Tuesday, July 01, 2014

Enhancement under U.S.S.G. § 2J1.2(b)(2) for Substantial Interference with Administration of Justice Applies for Destruction of Hard Drive during Child Porn Investigation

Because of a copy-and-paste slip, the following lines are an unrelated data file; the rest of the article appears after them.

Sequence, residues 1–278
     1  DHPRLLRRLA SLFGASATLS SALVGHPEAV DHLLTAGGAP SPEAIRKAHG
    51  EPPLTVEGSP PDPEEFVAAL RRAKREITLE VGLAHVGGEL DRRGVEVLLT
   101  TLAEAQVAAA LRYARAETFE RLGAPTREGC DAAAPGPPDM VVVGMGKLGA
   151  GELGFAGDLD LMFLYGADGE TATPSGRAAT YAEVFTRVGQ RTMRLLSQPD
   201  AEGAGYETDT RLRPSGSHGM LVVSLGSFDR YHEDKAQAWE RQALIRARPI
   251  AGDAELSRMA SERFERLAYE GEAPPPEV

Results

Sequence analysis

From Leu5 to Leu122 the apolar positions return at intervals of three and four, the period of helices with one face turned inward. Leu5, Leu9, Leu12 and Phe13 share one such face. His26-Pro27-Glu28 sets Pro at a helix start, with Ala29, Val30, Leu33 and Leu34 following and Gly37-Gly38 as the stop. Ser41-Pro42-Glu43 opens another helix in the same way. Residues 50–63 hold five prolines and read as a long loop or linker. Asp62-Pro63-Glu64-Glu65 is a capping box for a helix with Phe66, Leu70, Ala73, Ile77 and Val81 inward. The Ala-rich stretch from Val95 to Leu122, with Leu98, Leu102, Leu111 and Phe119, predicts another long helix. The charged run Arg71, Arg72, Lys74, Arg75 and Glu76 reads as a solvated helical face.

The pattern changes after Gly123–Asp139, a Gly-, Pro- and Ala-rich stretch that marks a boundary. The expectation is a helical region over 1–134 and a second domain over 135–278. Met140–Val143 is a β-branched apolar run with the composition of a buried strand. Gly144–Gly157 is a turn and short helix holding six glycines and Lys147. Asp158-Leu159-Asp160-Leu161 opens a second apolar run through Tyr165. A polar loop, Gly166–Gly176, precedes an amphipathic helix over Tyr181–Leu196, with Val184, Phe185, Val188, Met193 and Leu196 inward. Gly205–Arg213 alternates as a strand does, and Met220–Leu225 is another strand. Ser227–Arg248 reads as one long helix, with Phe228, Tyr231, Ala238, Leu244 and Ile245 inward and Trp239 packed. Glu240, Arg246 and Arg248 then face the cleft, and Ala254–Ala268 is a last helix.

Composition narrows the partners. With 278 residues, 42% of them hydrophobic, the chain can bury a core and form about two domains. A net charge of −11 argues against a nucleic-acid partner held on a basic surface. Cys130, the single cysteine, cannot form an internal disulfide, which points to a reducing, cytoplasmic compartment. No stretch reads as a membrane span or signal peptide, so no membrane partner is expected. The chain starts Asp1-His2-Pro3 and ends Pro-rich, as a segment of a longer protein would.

In United States v. Waterman, No. 13-3825, 2014 WL 2724131 (3d Cir., June 17, 2014), Defendant challenged the sentence imposed for his conviction for destruction of records, in violation of 18 U.S.C. § 1519. Defendant, a police officer, destroyed a computer hard drive during a FBI investigation into his alleged possession of child pornography. Defendant initiated the investigation by informing his supervisor that he had in fact viewed child pornography on his personal home computer. Nonetheless, two years after his disclosure, Defendant attempted to destroy one of his personal computers. The court noted that Defendant actually destroyed the circuit board of the computer, but not the data platters which contained the data on the hard drive. Experts testified that the damage to the circuit board was extensive, and consequently, the data was irretrievable. During sentencing, the court adopted the probation office’s recommendation to apply the three-level enhancement under U.S.S.G. § 2J1.2(b)(2) for substantial interference with the administration of justice. The court concluded that Defendant’s actions resulted in the early termination of the FBI’s investigation. The sentencing court reviewed the § 3553(a) factors and ultimately granted Defendant a six-month downward variance. Nonetheless, Defendant appealed the sentence, challenging the application of the enhancement under § 2J1.2(b)(2). Defendant claimed that the evidence presented was insufficient to prove that he had destroyed the hard drive as charged because no one witnessed him committing the act. The Third Circuit rejected Defendant’s argument, ruling that the circumstantial evidence was sufficient to support the lower court’s determination, based upon a preponderance of the evidence, that Defendant had in fact destroyed the hard drive. Note that the Third Circuit interpreted the enhancement, which mandates that the "offense resulted in substantial interference with the administration of justice," to impose a causation requirement. The timing of the offense in relation to the events which give rise to an assertion of substantial interference is a relevant factor for the sentencing court to consider when determining whether the offense caused substantial interference.

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